Drummer and teacher Joe Porcaro died on July 7, 2020.
Porcaro was born in New Britain, Connecticut. His father had originally been a trumpet player, but due to trouble with his teeth he switched to drums. When Joe was five years old, he found his dad’s drums and figured out how to play the cadences he had heard his father play. By the time Joe was eight, he would accompany his dad to Hartford, where his father played in an Italian symphonic band. Joe would play the cadences while the band marched.
His first teacher gave him lessons in reading, time signatures, and note values. The Porcaro family moved to Hartford when Joe was 10, and he came in contact with Al Lepak. Porcaro said that Lepak was like a second father to him and allowed him to tag along to his rehearsals. Lepak taught at Hartt College and was timpanist in Hartt’s symphony orchestra. Lepak invited Joe to play percussion with them.
When the Hartford Symphony formed in 1936, Porcaro was invited to be third percussionist. Joe was also playing in the house band at a local jazz club, where he played with such musicians as Mike Mainieri and Donald Byrd, and on weekends he worked at a Greek restaurant, playing in odd time signatures for belly dancers. He also did Broadway shows at the Goodspeed Opera House, and for a while he went on the road with the Tommy Dorsey band.
Porcaro was playing at a jazz club when his longtime friend Emil Richards came by one night. Richards had been living in L.A. for ten years and enjoying a successful career as a percussionist. He invited Porcaro to visit L.A. and check out the scene. Soon after, in 1965, Porcaro went to Los Angeles and went on studio calls with Richards for a week. Later that year, the Porcaro family—his wife, Eileen; three boys, Jeff, Mike, and Steve; and daughter Joleen—left Hartford and moved to L.A.
A couple of months after Joe arrived in L.A., he was recommended to play with Chet Baker for a week at Shelly’s Manne-Hole. Manne liked the way Joe played drums, and when he found out that Joe was also a percussionist, Manne recommended Porcaro to his contractor. Joe subsequently I got a call to record music for the TV show Daktari. Not long after, Joe got called to play on Mission Impossible with Lalo Schifrin. Word began to spread about Porcaro amongst other L.A. studio contractors. Porcaro’s was especially valuable because he could play drums and percussion.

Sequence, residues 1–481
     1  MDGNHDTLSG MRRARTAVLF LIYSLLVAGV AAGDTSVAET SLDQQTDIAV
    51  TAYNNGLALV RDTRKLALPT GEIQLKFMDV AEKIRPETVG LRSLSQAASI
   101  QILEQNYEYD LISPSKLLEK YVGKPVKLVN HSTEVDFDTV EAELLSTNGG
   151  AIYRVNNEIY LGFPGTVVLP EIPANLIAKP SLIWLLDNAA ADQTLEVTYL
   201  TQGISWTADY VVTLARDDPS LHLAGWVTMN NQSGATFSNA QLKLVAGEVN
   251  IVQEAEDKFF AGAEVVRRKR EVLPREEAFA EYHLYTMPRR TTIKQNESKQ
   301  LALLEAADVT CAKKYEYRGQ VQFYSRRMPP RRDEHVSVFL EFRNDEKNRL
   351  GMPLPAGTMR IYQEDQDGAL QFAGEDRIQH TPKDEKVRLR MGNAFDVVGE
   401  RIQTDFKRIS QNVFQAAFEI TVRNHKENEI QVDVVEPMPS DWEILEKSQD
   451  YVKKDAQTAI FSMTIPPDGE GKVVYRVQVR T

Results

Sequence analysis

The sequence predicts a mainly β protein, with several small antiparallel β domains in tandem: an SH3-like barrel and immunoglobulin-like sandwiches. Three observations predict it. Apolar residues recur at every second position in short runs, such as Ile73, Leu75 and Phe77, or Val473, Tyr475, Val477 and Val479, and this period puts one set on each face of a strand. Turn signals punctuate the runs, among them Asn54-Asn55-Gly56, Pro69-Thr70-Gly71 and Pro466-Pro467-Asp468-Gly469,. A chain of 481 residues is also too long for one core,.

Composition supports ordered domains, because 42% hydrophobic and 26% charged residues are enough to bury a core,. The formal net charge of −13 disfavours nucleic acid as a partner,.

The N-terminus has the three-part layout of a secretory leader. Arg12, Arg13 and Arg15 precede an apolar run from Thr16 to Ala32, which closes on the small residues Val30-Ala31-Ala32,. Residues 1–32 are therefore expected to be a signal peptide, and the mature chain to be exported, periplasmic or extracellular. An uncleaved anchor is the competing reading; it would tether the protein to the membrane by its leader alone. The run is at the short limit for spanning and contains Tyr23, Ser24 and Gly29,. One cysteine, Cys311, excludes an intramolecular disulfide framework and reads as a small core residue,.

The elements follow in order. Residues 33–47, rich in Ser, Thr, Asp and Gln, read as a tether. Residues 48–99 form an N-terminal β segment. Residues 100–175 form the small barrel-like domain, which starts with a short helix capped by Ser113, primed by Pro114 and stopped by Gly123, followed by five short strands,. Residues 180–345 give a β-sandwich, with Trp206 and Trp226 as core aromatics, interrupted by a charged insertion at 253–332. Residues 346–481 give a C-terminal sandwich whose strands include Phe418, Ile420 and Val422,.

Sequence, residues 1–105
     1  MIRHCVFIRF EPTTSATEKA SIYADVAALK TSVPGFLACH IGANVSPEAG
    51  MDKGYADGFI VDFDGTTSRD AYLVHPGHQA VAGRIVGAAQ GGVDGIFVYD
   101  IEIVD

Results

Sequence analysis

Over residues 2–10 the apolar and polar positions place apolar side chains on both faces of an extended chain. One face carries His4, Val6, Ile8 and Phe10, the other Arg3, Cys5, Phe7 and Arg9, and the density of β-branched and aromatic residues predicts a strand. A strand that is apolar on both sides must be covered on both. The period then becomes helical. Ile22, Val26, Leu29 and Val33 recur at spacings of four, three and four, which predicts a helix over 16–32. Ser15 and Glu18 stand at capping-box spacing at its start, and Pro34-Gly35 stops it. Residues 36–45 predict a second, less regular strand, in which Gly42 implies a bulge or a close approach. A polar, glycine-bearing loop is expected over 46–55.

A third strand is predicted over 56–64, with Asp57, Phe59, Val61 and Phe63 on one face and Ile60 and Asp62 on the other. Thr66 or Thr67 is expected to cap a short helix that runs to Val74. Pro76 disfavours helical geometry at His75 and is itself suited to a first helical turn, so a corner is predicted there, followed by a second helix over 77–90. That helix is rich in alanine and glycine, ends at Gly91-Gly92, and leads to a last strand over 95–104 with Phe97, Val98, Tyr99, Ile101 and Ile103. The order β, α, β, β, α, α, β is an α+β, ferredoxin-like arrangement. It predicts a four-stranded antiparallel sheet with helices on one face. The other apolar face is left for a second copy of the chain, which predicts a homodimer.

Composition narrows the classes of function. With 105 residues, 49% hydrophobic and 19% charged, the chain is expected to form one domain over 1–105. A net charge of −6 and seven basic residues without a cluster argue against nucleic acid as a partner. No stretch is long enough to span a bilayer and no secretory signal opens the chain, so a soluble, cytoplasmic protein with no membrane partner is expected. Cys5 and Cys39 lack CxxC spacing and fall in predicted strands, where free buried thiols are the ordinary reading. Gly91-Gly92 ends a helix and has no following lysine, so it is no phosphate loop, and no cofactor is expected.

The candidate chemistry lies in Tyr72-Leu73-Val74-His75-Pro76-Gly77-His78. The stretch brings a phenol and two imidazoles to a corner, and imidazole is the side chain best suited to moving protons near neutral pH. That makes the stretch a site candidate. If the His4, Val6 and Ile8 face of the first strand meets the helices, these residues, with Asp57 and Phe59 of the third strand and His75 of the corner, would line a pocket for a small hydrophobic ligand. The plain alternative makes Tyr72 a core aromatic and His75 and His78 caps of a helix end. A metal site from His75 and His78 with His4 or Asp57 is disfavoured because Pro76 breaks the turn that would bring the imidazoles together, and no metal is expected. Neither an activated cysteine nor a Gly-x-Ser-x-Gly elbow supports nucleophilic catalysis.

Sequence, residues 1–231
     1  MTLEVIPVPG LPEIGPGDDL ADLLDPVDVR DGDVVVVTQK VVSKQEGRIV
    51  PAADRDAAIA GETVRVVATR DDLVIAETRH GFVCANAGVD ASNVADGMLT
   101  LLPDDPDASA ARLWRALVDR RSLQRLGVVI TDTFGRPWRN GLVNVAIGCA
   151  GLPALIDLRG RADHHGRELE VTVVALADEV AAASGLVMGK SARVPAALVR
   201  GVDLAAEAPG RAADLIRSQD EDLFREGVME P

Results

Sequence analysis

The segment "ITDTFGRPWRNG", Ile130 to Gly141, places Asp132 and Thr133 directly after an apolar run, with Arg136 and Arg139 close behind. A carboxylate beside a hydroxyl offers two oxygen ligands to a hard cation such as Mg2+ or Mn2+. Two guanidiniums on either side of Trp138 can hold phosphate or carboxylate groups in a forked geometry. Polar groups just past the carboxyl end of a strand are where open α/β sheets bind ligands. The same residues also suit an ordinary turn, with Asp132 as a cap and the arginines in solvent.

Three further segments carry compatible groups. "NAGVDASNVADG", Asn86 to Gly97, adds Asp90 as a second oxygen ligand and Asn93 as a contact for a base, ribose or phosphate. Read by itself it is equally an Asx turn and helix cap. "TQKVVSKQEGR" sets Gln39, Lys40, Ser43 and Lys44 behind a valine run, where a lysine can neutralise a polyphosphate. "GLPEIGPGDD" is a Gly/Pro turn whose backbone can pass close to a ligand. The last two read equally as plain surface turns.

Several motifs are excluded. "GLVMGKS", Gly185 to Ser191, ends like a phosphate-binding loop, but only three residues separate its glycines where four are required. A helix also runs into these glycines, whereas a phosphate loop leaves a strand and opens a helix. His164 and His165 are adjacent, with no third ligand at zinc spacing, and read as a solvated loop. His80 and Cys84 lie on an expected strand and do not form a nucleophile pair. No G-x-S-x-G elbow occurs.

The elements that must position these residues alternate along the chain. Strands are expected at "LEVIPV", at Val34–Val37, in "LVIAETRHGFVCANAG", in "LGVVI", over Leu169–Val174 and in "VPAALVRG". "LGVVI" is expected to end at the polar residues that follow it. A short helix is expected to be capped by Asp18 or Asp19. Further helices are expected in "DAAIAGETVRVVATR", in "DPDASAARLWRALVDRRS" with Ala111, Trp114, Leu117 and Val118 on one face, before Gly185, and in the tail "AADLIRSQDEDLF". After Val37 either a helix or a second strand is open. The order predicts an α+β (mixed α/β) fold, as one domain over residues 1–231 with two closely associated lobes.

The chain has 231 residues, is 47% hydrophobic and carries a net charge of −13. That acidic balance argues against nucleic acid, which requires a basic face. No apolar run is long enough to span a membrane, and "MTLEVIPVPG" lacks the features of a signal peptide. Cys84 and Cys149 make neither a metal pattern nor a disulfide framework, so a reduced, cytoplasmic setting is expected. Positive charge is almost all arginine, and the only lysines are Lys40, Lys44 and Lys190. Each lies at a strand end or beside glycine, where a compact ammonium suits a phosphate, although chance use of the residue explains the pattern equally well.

During his career, Porcaro played on over 1,000 movies and TV sessions. Some of the films include North by Northwest, Dancing With Wolves, Finding Nemo, Ace Ventura, Analyze This, Austin Powers, Beverly Hills Cop II, Coming to America, Congo, Dante’s Peak, Die Hard, Edward Scissorhands, Empire of the Sun, The Outlaw Josey Wales, The Wild Bunch, and The Fugitive. He also recorded for such TV shows as I Dream of Jeannie, The Smothers Brothers Comedy Hour, Murder She Wrote, Columbo, Ironsides, Little House on the Prairie, Highway to Heaven, and C.H.I.P.S., to name just a few.
Porcaro recorded on albums with a variety of artists, including Frank Sinatra, Pink Floyd, Stan Getz, Bonnie Raitt, Madonna, Glen Campbell, Joe Cocker, Quincy Jones, Sarah Vaughan, Natalie Cole, the Rolling Stones, Willie Nelson, Michael Jackson and the Jackson 5, Sammy Davis Jr., Harry Connick Jr., Diana Ross, Barbra Streisand, Marvin Gaye, and Johnny Mathis.
Joe’s sons Jeff, Mike, and Steve have all had successful careers in music. A highlight was at the 1983 Grammy Awards, where Joe was playing in the Grammy orchestra, and his sons’ band, Toto, won six Grammy Awards.
As a teacher, Porcaro was at the core of establishing two important drum institutions in Los Angeles. In 1980, guitarist Tommy Tedesco invited Joe to get involved with Musicians Institute. Porcaro enlisted Ralph Humphrey, and they began PIT—Percussion Institute of Technology—in Hollywood. Around 1996, Porcaro and Humphrey cut ties with PIT and helped to begin LAMA—Los Angeles Music Academy—in Pasadena. The school has since become Los Angeles College of Music, an accredited music college, where Humphrey is director of the drum school and Porcaro helped put together the sight-reading program and taught jazz drums.
Read Joe Porcaro’s PAS Hall of Fame bio here.